Computed tomography (CT)-guided percutaneous drilling is an alternative for osteoid osteoma treatment. This study aims to evaluate the remodeling of the drill orifice. The success rate and complications were also recorded and compared with other treatment methods. Fifteen patients with an average age of fourteen years (ranging from 4 to 25) submitted to CT-guided percutaneous drilling between 2003 and 2009 were retrospectively analyzed according to clinical and radiological criteria. Fourteen cases showed complete alleviation of pain one week after surgery. No relapse was detected even in the subject who continued complaining of pain. All patients were treated with a day-hospital regimen and were discharged with partial weight bearing. Total weight bearing was allowed after one month, and sports were allowed after consolidation, which occurred in all but one case after the third month. One patient, who did not follow our medical advice, returned to sports activities after two weeks and experienced a fracture as a result. Atrophy of the vastus lateralis muscle developed after the procedure in another patient. Our case series suggests that this method is reliable and safe. The level of complexity is comparable with other minimally invasive percutaneous procedures. The cost is low because there is no need to buy probes or other equipment. The negative points include weakening of the bone and the logistical problem of assembling the orthopedic surgeon, radiologist, and anesthesiologist in the tomography room. © 2013 Engel et al.; licensee Springer.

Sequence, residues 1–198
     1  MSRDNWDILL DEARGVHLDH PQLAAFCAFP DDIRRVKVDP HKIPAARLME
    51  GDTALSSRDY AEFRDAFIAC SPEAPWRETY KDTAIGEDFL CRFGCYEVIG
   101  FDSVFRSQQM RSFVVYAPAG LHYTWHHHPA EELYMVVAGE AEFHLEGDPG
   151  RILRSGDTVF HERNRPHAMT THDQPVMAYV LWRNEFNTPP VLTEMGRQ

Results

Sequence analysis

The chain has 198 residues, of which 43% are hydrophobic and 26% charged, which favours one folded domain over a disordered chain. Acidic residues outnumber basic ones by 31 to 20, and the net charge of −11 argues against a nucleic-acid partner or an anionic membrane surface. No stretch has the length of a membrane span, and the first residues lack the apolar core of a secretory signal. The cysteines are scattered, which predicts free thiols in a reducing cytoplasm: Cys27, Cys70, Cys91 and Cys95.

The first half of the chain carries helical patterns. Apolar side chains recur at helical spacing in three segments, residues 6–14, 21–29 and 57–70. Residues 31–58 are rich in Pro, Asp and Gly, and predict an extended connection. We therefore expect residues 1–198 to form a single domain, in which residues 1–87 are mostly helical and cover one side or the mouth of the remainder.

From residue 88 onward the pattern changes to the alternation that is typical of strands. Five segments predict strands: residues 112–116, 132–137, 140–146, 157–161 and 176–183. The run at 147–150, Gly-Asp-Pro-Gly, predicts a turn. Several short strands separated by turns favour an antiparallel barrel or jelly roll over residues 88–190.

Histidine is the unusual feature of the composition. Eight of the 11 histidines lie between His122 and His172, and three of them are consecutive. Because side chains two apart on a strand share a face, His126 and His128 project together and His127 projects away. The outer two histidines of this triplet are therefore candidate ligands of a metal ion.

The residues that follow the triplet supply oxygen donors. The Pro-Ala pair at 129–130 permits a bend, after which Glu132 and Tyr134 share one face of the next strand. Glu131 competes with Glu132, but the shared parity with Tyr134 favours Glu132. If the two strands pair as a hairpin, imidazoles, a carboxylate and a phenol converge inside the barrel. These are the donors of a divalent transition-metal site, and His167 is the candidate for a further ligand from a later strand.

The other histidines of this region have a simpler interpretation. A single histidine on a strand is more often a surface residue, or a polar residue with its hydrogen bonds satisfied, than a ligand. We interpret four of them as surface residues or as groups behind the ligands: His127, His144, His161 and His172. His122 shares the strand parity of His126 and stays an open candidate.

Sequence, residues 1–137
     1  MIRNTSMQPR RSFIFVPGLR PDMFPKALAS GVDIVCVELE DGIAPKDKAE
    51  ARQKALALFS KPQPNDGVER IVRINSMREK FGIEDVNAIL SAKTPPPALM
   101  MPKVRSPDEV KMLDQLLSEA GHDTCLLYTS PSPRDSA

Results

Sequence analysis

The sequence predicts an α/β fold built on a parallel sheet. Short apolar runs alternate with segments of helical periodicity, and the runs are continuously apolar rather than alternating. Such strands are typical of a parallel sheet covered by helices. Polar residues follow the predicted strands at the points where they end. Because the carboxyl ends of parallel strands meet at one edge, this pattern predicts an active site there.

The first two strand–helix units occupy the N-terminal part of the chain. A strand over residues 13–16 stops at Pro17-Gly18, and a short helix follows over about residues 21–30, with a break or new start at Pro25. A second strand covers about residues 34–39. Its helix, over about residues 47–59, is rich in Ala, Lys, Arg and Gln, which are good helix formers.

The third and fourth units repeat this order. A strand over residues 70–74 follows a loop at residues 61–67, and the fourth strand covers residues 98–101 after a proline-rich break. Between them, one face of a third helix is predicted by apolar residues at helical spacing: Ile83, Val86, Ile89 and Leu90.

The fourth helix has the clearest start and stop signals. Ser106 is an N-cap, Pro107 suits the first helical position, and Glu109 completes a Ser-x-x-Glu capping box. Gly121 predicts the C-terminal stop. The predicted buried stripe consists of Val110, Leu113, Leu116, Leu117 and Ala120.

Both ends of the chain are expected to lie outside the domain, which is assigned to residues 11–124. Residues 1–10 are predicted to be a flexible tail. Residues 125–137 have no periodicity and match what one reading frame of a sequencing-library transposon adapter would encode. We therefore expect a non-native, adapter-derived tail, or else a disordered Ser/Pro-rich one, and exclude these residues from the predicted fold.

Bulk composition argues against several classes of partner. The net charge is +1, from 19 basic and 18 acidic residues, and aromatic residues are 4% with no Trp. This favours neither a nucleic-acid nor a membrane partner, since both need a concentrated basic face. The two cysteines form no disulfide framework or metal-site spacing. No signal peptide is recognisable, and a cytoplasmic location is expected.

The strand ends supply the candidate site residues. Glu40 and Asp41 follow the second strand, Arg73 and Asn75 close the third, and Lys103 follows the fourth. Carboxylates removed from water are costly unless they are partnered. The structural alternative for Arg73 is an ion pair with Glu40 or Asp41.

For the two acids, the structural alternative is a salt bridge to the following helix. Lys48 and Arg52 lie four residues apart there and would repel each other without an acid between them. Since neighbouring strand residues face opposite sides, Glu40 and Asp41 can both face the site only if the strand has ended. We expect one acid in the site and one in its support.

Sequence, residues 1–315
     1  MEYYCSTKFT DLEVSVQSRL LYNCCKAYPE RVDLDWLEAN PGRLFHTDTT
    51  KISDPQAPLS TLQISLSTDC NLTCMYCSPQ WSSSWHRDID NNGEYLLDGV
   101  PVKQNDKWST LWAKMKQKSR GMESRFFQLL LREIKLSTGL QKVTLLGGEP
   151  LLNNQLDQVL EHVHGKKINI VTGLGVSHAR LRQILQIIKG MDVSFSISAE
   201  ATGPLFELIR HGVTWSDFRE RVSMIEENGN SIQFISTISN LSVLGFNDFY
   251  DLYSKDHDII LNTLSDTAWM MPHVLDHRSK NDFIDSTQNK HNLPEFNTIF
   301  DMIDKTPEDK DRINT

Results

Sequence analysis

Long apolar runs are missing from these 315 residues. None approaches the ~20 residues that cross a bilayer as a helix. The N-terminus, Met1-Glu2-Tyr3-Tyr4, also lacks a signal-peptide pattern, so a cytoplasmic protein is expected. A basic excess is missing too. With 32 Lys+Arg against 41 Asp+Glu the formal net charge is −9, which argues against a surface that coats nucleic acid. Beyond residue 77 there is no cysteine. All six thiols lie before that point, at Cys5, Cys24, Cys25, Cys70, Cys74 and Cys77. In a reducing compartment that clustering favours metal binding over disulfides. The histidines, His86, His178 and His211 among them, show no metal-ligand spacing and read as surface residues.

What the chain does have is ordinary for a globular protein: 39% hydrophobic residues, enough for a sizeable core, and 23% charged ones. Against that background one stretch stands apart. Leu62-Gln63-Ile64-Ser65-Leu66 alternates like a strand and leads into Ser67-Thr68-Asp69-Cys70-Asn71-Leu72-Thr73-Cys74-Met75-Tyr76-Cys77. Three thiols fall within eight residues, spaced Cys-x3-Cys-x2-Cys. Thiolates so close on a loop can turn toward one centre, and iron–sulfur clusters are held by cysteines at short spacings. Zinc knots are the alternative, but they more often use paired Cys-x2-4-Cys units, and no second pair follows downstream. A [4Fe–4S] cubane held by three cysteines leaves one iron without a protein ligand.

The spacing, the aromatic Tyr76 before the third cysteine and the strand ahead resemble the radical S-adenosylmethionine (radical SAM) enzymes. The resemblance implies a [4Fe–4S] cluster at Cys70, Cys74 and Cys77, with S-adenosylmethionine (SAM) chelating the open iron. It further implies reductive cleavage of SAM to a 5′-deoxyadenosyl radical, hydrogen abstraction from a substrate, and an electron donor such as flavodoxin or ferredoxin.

Engel, E. E., Gava, N. F., Nogueira-Barbosa, M. H., & Botter, F. A. (2013). CT-guided percutaneous drilling is a safe and reliable method of treating osteoid osteomas. SpringerPlus, 2(1), 1–4. https://doi.org/10.1186/2193-1801-2-34